D2 dining center wins whole grains challenge
The Whole Grains Council and Oldways food issues advocacy group challenged restaurants and foodservice operations across the country to step up to the plate and offer more whole grain options this summer. Virginia Tech's Dining Services did just that and swept the competition, winning the college/university category, as well as the grand prize, beating out entries from nine other categories.
The “Whole Grain Boot Camp” featuring Colonel Grain could be seen throughout D2 in June and July promoting the new menu items. The contest provided a chance to not only offer more whole grains for a short time, but to take it a step further. Feedback cards were provided to gauge guests’ thoughts on the various items that they sampled, and help determine what items they would like to see on the menu permanently this fall. The whole-wheat white pizza, sunshine granola, and buckwheat pancakes were among the favorites, and will soon be found on a regular basis in D2.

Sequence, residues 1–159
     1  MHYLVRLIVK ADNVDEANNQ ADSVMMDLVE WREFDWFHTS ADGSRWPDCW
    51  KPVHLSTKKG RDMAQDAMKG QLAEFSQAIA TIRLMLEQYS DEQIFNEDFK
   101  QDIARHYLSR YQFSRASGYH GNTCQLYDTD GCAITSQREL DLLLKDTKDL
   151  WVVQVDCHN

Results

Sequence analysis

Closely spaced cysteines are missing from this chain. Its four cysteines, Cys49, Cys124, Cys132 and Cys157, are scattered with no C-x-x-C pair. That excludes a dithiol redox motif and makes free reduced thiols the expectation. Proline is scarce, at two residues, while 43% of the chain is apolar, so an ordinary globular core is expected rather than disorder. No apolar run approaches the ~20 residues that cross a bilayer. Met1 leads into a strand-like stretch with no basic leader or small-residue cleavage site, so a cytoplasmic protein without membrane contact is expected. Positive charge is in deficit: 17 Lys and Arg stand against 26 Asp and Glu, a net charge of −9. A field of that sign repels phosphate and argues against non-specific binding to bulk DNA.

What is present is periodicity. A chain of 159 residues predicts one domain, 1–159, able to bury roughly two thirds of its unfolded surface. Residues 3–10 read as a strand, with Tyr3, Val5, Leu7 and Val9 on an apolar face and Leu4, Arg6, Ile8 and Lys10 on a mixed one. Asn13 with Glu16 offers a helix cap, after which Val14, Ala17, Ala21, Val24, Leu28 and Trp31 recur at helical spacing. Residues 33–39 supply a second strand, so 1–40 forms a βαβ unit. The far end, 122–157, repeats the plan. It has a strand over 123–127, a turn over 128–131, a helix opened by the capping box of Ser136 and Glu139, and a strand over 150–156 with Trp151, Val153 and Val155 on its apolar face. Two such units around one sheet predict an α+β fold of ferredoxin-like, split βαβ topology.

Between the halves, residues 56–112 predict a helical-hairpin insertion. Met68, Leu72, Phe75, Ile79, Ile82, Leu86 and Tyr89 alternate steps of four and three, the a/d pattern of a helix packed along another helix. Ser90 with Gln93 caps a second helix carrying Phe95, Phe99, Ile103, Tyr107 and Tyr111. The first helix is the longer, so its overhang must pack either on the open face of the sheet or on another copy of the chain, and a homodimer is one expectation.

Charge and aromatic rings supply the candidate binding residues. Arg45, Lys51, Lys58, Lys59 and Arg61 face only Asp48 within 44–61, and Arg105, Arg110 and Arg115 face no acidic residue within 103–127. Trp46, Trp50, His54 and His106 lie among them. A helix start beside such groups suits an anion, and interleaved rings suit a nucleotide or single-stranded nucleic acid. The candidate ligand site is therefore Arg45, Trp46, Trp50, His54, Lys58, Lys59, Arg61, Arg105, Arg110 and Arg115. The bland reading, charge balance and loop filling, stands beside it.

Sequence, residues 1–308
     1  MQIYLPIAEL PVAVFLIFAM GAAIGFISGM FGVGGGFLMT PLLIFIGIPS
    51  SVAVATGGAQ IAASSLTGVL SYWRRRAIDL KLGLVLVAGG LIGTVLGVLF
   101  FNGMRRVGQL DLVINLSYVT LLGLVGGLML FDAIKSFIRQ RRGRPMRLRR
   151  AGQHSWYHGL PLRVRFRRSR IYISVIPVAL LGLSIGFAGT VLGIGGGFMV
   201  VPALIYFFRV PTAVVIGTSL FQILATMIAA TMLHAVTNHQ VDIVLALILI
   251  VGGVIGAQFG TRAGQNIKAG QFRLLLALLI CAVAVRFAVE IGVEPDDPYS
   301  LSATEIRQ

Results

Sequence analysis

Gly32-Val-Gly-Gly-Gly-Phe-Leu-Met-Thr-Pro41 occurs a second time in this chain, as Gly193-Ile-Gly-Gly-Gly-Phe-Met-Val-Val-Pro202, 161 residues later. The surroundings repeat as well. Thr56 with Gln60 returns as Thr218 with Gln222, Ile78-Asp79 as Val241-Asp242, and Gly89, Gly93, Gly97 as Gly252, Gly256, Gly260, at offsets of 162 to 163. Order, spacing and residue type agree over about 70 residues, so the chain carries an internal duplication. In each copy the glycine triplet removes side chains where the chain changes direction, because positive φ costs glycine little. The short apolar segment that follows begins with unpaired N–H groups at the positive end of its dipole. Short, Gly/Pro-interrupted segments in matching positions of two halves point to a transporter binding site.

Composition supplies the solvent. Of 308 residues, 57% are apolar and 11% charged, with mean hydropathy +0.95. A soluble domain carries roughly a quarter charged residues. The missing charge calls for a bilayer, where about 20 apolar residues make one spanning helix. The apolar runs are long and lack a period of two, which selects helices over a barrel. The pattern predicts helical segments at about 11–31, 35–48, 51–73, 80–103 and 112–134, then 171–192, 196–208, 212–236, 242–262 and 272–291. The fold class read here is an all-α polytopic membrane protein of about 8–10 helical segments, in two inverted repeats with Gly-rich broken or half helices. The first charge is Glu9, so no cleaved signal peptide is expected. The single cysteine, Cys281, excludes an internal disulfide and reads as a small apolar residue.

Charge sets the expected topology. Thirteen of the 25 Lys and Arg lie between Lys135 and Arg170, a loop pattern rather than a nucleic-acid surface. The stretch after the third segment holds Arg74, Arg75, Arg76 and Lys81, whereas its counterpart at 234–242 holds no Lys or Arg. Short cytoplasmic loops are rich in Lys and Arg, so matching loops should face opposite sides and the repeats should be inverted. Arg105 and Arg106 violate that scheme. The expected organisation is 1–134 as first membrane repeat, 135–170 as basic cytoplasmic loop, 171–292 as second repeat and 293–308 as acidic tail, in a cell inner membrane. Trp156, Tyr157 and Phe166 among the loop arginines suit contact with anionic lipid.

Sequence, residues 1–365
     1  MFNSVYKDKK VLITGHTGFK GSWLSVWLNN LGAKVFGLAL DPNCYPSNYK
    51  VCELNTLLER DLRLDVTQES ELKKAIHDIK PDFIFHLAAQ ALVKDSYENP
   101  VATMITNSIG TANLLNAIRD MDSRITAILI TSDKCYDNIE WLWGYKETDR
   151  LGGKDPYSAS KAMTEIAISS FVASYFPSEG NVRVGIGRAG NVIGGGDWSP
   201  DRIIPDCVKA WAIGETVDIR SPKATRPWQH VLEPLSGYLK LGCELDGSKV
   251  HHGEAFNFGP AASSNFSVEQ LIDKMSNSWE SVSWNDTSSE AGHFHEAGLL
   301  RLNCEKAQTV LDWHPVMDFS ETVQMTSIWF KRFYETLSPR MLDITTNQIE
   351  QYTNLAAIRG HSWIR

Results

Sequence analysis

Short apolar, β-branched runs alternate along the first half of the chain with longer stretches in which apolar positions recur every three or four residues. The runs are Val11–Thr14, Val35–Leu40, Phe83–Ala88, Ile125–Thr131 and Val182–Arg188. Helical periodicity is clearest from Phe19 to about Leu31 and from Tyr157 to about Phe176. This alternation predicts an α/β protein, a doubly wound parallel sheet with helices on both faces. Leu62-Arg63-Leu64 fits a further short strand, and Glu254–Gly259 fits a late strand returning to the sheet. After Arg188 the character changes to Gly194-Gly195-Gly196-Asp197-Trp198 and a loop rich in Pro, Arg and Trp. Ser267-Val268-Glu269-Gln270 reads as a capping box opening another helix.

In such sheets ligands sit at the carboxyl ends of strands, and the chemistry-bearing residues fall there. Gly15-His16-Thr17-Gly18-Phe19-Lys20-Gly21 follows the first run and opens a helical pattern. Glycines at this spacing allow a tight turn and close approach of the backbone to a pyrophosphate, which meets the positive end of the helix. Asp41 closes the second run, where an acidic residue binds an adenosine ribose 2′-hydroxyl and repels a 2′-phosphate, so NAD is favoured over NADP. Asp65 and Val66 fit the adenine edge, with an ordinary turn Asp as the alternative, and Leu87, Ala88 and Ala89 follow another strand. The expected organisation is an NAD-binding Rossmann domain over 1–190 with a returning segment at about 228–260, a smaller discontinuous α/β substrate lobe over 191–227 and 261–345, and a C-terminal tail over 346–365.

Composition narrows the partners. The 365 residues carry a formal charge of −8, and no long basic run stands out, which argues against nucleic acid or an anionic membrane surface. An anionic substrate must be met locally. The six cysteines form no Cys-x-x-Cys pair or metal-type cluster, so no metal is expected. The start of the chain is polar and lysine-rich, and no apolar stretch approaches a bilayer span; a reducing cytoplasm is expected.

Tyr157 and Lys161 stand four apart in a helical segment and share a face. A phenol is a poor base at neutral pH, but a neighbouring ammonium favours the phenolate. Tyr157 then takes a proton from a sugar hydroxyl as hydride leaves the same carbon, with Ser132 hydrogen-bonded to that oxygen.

D2 is an all-you-care-to-eat restaurant located on the upper level of Dietrick Dining Center. It is the largest dining facility on campus and can accommodate more than 1,100 customers at one time. It features eight major food platforms, serving a wide variety of options including regional cuisine, grill items, and an authentic Brazilian churrascaria.
“Dining Services has made a commitment to serve cutting edge and nutritious menu offerings, and along with that, we also want to provide a wide selection of items that benefit students’ well being,” said Associate Director of Dining Services Ted Faulkner.
Nearly 20 new ingredients were brought in to create the varied whole grain options that were offered throughout the two-month period. D2 continued serving whole grain items already on the menu, altered some existing recipes to include whole grains, and created some completely new and original ones, such as Quinoa Berry Salad and Penne Romanoff. A very popular “make your own granola” action station was also incorporated into the mix.
“We looked at this competition as a healthy opportunity for our student customers,” said dietitian Jenny Lindsey. “We were able to develop and expand our whole grain offerings and use the competition as a way of educating our students about healthy eating.”
A representative from Dining Services will attend the “Just Ask for Whole Grains” conference in Kansas City in November to accept the award and give a presentation on the program.